10 Of The Top Stocks To Hold Ahead Of The Odds-On Recession

10 Of The Top Stocks To Hold Ahead Of The Odds-On Recession
Stéphane Renevier, CFA

over 1 year ago4 mins

  • High-quality, defensive businesses should outperform the rest of the market when economic growth slows and financial conditions tighten.

  • Stocks that should outperform have more than just a recession-proof business model: they have high dividends and buybacks, strong balance sheets, stable earnings growth, reasonable valuation, supportive price action, and low volatility.

  • We name 10 stocks that currently score well across all those criteria.

High-quality, defensive businesses should outperform the rest of the market when economic growth slows and financial conditions tighten.

Stocks that should outperform have more than just a recession-proof business model: they have high dividends and buybacks, strong balance sheets, stable earnings growth, reasonable valuation, supportive price action, and low volatility.

We name 10 stocks that currently score well across all those criteria.

Mentioned in story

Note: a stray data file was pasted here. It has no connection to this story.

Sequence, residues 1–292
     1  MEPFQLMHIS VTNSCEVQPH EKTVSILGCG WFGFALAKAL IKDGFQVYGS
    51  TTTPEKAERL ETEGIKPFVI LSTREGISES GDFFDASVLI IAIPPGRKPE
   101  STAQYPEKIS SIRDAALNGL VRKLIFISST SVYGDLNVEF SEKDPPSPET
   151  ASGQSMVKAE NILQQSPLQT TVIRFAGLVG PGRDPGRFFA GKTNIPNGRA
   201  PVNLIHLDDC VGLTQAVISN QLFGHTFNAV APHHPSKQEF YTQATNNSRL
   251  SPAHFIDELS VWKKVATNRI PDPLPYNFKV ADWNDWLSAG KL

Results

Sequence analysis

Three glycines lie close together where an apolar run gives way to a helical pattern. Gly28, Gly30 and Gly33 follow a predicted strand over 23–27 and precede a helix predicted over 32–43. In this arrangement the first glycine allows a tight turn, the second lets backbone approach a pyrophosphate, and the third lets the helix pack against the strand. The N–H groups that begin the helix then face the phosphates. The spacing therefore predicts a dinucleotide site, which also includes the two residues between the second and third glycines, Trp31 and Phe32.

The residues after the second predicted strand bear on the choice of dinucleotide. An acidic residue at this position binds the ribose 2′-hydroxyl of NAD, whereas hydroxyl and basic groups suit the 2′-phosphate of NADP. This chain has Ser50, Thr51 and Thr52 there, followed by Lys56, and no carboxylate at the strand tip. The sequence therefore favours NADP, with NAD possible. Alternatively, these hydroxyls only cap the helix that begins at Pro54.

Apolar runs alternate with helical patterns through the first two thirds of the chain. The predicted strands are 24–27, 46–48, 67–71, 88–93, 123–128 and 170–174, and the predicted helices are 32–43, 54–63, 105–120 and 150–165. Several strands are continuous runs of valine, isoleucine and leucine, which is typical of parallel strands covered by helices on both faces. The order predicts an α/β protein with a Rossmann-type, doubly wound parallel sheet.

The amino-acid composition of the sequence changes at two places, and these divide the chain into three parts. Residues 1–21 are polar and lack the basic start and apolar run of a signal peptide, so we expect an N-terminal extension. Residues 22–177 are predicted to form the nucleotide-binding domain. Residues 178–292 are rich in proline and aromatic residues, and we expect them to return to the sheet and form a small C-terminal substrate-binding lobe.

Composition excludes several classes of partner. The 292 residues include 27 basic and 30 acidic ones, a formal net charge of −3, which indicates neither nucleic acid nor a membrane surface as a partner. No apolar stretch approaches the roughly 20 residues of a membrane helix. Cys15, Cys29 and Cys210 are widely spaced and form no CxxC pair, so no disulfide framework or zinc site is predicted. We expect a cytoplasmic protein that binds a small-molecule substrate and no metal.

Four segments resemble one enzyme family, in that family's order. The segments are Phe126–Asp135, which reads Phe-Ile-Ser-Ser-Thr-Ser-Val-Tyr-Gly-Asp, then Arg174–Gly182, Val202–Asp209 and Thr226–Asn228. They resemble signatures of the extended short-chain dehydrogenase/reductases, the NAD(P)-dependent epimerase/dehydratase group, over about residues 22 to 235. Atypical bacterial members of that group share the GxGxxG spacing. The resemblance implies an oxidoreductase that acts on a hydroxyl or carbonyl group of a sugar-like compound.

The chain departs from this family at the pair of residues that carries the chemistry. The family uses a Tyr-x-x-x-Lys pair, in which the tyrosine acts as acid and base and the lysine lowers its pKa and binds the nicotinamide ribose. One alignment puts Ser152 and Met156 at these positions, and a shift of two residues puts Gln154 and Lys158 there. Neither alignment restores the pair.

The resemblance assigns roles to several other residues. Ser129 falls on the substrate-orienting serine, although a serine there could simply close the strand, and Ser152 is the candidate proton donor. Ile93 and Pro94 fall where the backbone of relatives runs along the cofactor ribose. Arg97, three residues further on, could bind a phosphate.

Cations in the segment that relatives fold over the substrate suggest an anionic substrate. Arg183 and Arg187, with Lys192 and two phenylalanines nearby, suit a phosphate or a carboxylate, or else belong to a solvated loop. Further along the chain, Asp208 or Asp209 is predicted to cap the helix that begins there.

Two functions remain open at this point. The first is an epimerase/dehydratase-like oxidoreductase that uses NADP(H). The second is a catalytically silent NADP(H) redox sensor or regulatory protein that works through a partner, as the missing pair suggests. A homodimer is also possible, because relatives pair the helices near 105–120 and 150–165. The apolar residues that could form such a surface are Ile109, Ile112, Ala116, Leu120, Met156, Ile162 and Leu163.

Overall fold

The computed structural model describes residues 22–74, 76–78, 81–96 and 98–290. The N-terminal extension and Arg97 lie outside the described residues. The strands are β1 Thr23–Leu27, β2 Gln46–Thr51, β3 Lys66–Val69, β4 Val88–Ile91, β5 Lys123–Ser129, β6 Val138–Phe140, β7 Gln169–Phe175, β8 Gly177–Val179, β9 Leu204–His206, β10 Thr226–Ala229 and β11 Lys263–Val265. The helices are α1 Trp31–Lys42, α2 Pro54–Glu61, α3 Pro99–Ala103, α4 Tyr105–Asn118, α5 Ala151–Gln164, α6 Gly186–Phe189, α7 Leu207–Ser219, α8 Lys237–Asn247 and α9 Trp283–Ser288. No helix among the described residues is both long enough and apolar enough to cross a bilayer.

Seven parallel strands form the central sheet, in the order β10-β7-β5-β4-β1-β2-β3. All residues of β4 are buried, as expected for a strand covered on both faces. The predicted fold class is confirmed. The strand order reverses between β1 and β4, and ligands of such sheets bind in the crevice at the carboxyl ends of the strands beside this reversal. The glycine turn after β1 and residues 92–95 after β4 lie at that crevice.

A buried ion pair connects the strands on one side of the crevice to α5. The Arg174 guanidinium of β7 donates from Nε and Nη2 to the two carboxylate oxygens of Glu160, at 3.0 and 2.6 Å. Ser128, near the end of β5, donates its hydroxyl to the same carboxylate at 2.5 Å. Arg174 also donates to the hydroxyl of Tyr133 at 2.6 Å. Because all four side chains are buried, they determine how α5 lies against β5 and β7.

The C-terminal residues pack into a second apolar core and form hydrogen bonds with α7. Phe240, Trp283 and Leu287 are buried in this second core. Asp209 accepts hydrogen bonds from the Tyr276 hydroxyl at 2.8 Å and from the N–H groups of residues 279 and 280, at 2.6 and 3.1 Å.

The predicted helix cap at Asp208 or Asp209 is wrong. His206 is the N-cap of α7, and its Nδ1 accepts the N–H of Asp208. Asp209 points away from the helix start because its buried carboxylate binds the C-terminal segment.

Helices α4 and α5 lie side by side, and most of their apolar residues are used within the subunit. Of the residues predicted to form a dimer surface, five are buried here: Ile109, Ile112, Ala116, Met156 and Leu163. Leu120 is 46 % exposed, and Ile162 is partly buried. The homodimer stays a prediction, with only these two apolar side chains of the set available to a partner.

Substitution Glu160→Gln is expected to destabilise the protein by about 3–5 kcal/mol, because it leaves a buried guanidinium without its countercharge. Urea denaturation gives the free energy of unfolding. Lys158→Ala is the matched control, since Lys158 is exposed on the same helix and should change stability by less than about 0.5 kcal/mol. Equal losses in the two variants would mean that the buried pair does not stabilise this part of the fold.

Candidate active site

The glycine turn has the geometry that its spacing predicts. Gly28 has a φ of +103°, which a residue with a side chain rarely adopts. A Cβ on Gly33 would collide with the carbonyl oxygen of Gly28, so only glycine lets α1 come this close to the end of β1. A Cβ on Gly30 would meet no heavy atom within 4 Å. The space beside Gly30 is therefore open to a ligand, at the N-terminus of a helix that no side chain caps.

Economists, indicators, and the tea leaves are all saying the same thing: a recession is more likely than not right now, especially after the Fed went all guns blazing with its interest rate hike on Wednesday. So let’s assume it’s a sure thing, and start preparing your portfolio accordingly: by defining what all the best recession-proof stocks have in common, and choosing the ones that fit the bill.

Which do recession-proof stocks have in common?

A recession-proof business model

The first thing you want to see is that the demand for a company’s products and services will remain resilient if the economy goes into a recession. Think: a company selling discounted everyday items, or a solar company operating somewhere with ambitious renewable targets.

When looking for recession-proof businesses, the following industries are a good starting point: utilities (people still need heat and electricity in a recession), consumer staples (people still need to eat, drink, and brush their teeth), and healthcare (people still need their drugs). But you don’t have to confine yourself to these industries: you can find hidden gems even in cyclical industries, like the steadily growing pizza chain Domino’s. Similarly, not all utilities, staples, and healthcare companies have recession-proof business modes – WalMart doesn’t sell just staples, for example, so its margins could still take a hit in a recession. That’s why it’s important to do your homework and look at all the criteria for recession-proof stocks.